The Central Banks Are Buying Gold Like It’s 1965

This week’s Barron’s points to recent World Gold Council data showing enormous gold purchases by central banks over the past year. These purchases are most likely not a temporary tactical move, but rather a powerful long term trend that will continue for years, if not decades. But wait: don’t the central banks want us “normies” to buy up more equities, invest and spend with record amounts of fiat currency, and heckle the gold bugs for their hilarious foolishness? It appears to be a case of “Do as I say, not a I do.”

Not that we’d suggest you make investment decisions based solely on the words or deeds of a central banker [see: Jim Rogers Says: Buy Commodities Now, Or You’ll Hate Yourself Later]. This sustained buying by central banks however is no longer a “scoop” for Web journalists such as your humbler writer, but rather a significant, semi-permanent factor in the overall supply-and-demand equation that will determine the price of gold over time.

Central banks increased their gold hoards by 400 metric tons—each equal to almost 2,205 pounds—in the 12 months through March 31, up from 156 tons during the prior year… The council “is now confident that central banks will continue to buy gold and has added official-sector purchases as a new element of gold demand,” writes Austin Kiddle in a report for London-based bullion dealer Sharps Pixley.

This steady flow of gold into the vaults of central bankers is notable for both the size and consistency of its volume. Indeed, this type of official purchasing last occurred in 1965, when the global monetary landscape hardly resembled the current all-fiat experimental system.

So what does this mean for retail gold investors?

…consistent buying of 10% of annual supply can’t but help keep the price elevated… But that’s only one big change. The second: Short-term speculators have fled the market. Open interest of managed futures funds, considered a good proxy for all speculators, has dropped a staggering 28% since the beginning of September…

Less liquidity will tend to make gold prices more volatile. On the other hand, sustained, large-scale gold purchases by central banks can’t help but build the bull case for all precious metals, and especially gold, over the next decade or two. Many retail investors who can’t justify buying gold as an investment, might consider buying a smaller amount as a hedge [see: What Are The Most Popular Gold Bullion Coins?].

The old maxim “don’t fight the Fed” can apply to many different trading scenarios; the implication that you should be long the yellow metal may simply be a sign of the times.

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Disclosure: The author is long gold.

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Commodity HQ is not an investment advisor, and any content published by Commodity HQ does not constitute individual investment advice. The opinions offered herein are not personalized recommendations to buy, sell or hold securities or investment assets. Read the full disclaimer here.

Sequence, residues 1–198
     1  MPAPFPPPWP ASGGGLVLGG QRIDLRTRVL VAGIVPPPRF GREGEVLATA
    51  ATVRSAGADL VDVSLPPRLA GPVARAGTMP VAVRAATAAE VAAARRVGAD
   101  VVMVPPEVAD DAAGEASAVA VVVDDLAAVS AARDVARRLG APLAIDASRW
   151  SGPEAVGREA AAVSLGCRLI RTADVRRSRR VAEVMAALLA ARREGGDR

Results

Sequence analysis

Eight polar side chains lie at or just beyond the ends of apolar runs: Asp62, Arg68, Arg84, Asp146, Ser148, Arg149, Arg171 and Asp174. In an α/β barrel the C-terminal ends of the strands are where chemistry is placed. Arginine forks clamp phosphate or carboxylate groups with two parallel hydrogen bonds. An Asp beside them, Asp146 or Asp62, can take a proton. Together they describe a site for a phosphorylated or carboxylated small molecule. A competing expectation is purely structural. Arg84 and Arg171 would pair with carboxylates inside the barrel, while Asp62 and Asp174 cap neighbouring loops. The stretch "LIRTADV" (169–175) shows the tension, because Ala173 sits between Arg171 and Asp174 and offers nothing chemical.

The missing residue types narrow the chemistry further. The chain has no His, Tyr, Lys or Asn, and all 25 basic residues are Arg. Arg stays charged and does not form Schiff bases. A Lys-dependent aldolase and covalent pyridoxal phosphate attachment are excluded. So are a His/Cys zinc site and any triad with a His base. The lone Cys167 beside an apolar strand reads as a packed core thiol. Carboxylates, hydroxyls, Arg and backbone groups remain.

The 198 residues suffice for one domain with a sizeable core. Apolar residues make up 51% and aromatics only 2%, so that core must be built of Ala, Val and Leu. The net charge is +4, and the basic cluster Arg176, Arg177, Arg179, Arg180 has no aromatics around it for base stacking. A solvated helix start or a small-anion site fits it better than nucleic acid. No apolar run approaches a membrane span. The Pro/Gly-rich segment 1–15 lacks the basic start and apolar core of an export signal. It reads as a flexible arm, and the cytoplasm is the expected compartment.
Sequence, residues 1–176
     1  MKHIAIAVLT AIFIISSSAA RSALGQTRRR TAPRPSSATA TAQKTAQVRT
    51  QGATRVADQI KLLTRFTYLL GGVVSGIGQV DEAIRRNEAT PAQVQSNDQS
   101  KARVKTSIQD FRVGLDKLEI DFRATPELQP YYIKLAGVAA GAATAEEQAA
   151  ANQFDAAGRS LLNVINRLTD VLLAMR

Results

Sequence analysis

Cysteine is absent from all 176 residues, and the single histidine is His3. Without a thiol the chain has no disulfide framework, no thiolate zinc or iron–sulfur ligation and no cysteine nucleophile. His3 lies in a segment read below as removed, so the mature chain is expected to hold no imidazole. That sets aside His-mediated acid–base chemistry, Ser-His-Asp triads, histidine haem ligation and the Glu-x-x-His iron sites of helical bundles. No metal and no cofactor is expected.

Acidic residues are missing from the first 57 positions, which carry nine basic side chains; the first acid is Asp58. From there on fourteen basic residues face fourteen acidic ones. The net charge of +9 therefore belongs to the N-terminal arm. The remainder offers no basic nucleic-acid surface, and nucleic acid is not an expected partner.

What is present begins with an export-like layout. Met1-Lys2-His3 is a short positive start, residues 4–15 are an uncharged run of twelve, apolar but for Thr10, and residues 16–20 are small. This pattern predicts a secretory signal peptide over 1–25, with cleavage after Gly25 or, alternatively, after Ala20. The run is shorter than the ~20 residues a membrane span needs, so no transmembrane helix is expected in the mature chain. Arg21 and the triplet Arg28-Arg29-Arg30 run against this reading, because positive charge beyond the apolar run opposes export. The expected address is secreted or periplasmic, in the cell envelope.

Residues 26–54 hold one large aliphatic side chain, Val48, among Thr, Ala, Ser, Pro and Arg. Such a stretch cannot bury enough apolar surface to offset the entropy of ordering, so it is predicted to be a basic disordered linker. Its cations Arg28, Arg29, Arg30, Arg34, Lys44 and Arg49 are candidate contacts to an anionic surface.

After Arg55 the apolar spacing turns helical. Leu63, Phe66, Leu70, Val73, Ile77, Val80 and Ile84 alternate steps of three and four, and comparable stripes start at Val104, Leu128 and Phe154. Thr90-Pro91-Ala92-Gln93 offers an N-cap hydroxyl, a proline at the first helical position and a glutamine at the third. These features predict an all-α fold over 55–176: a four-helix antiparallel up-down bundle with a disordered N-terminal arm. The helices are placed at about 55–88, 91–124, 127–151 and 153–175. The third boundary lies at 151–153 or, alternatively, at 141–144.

12 Responses to “The Central Banks Are Buying Gold Like It’s 1965”

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  3. [...] The first half of 2012 seemed like the perfect environment for gold. Uncertainty over the euro zone–and the potential collapse of one of the world’s largest fiat currencies–has been a major theme. Expectations over an eventual uptick in inflation remain, and many emerging markets (e.g., India) have seen runaway inflation already. And to top it off, central banks have been buying gold like it’s 1965. [...]

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  7. [...] are currently offered. With all of the talks of another round of QE and money printing from other central banks around the world, the market has priced in a healthy appreciation for this yellow metal. It should also be noted [...]

  8. [...] banks of dozens of countries around the world hold gold bullion as a store of value and guarantee to debt-holders  Gold is occasionally used in the settlement of [...]

  9. [...] have nothing to do with the rampant money printing by the Fed, inflationary scares, the fact that central banks are buying up the precious metal, or even threats of a collapsing economy. Instead, the momentum for gold for [...]

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  11. [...] 674 tons have a market value of $36 billion, making this process quite an undertaking. The bank has made a move once before, as it vacated some of its reserves from the Bank of England after the bank raised [...]

  12. [...] now, but has decided to shift its focus a bit toward increasing the pace of economic growth. Other central banks across the globe have a similar stance, and this is worrying a number of market experts that it [...]

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